Dr. Fox Prefers Housecall Cat Grooming

Dr. Fox (veterinarian, author, PhD in medicine and a DSc in ethology/animal behavior from the University of London) was kind enough to reply to my email about house call cat grooming. (Italics & capitalization are mine)

“Many cat owners will appreciate your letter and need for in-home cat grooming services. This may be an incentive for other experienced groomers to offer house-visits rather than having cats come to them which can be very stressful for some cats while others cannot even be put into a carrier without prior habituation. Either way there is no excuse for cats becoming so matted from lack of regular grooming that they must be sedated and carefully clipped at a veterinary hospital, extreme stress and expenses which could be avoided by routine effective grooming by the owners or professionals such as yourself.

Dr. Fox is a long-time advocate for animals and has an extensive education in science.  I am so happy that he sees the value of house call cat grooming.

 

Trouble holding cat for claw trim?

I enjoy the challenge of claw trims.  Keeping the cat still can be a game of skill and imagination!  It’s hard to be more clever than a cat when it comes to keeping them from getting away during a claw trimming session.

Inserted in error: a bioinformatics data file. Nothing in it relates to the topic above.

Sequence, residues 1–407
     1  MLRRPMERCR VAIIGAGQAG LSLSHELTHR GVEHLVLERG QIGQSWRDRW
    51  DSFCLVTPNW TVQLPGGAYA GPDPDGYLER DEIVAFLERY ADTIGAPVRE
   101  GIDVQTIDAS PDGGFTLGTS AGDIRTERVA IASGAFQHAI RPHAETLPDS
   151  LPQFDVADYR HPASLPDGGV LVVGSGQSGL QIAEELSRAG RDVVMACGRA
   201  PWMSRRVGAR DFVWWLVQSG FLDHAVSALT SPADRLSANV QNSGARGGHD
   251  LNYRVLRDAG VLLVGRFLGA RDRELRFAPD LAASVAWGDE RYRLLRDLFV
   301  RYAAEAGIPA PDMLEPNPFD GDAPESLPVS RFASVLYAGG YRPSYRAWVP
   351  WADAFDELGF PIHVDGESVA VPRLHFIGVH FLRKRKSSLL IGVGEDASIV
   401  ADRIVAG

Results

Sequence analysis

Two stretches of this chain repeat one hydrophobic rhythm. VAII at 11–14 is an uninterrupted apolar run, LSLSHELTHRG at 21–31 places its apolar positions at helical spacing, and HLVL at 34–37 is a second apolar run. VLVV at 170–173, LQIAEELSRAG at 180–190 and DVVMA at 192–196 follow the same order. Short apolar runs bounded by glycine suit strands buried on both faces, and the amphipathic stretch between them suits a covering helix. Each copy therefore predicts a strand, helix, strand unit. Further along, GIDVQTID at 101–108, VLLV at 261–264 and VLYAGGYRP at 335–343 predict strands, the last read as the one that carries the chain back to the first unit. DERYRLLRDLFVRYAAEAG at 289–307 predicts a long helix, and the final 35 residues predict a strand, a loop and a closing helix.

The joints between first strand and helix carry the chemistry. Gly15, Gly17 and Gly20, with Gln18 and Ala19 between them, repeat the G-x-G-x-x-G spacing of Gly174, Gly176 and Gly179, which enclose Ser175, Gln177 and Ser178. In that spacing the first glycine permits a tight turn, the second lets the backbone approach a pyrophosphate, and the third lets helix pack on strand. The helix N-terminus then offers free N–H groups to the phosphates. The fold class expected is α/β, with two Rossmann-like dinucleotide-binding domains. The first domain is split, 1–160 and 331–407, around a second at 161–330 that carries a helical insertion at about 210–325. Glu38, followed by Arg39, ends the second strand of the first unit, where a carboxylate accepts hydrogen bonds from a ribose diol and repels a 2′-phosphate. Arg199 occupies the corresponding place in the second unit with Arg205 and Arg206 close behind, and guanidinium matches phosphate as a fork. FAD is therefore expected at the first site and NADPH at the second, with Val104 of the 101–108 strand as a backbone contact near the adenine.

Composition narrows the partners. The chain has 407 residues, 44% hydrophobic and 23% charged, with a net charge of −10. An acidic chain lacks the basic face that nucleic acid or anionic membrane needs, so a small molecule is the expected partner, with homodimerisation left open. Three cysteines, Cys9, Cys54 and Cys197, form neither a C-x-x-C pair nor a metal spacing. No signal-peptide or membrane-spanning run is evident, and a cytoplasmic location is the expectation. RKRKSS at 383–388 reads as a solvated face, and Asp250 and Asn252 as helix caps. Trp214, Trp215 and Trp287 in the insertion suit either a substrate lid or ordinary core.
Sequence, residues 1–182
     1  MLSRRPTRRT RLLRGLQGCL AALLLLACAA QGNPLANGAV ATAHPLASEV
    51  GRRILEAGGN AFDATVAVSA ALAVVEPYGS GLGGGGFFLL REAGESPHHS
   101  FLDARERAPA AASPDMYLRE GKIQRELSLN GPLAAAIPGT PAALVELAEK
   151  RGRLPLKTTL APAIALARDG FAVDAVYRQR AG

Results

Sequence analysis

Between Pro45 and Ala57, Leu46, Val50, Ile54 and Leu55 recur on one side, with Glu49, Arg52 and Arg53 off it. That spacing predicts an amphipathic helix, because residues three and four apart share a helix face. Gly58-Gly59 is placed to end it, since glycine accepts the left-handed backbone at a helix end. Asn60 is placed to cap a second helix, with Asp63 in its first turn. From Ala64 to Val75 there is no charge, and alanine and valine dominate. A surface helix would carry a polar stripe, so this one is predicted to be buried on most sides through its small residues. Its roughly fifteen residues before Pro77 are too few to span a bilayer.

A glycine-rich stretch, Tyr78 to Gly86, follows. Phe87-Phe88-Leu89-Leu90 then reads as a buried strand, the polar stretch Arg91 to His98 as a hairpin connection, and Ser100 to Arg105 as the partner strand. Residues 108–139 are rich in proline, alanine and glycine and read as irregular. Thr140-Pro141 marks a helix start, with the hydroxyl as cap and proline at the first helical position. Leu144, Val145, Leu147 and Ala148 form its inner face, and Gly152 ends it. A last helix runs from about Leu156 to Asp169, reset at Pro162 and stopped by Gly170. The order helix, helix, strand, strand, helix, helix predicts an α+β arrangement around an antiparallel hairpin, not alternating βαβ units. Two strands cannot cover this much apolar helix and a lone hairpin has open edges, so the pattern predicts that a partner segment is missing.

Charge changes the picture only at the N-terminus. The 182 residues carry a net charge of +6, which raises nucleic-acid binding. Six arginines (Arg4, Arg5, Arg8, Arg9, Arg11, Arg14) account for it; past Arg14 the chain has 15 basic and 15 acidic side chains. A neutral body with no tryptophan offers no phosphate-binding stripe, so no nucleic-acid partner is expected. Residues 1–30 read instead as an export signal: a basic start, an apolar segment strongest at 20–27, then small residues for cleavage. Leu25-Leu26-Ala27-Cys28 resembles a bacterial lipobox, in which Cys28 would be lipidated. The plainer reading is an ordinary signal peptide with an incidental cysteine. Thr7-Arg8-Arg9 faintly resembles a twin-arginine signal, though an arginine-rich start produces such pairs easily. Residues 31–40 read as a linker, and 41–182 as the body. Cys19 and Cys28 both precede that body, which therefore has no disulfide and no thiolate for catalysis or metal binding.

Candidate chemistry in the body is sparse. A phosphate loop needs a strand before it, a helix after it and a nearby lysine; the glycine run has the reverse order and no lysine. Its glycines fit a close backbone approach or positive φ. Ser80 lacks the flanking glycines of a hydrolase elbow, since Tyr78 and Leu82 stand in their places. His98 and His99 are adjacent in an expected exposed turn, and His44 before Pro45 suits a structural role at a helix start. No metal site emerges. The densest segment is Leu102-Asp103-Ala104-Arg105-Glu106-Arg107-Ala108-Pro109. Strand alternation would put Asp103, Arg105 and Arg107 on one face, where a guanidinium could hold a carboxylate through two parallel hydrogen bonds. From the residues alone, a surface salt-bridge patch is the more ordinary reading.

Some gentle restraint techniques I’ve used:

No restraint. Just put the cat on a counter and trim the claws. Yay!

Hold the cat in my lap with their belly facing up, just like you’d hold a baby.

Wrap kitty up like a burrito in a big towel, pulling out the paw that I need.

Put cat on the counter, slide cat’s body up against mine so she is snug, and trim claws.

Any of the above, plus a snap-on E collar.

Sit on the floor on my knees, with kitty between my knees. Face a wall so kitty can’t run off.

Lay kitty on side with my forearm resting gently but firmly on their shoulders.  Trim the claws I can reach. Turn kitty onto other side and repeat.

Cats are flexible. As long as you don’t put them in uncomfortable positions, you can try different ways of holding them until you find the one that works.  Remember that trimming claws only takes a minute or so, so even if kitty isn’t thrilled, they are only one minute away from treats, praise and play time.  Not a bad deal!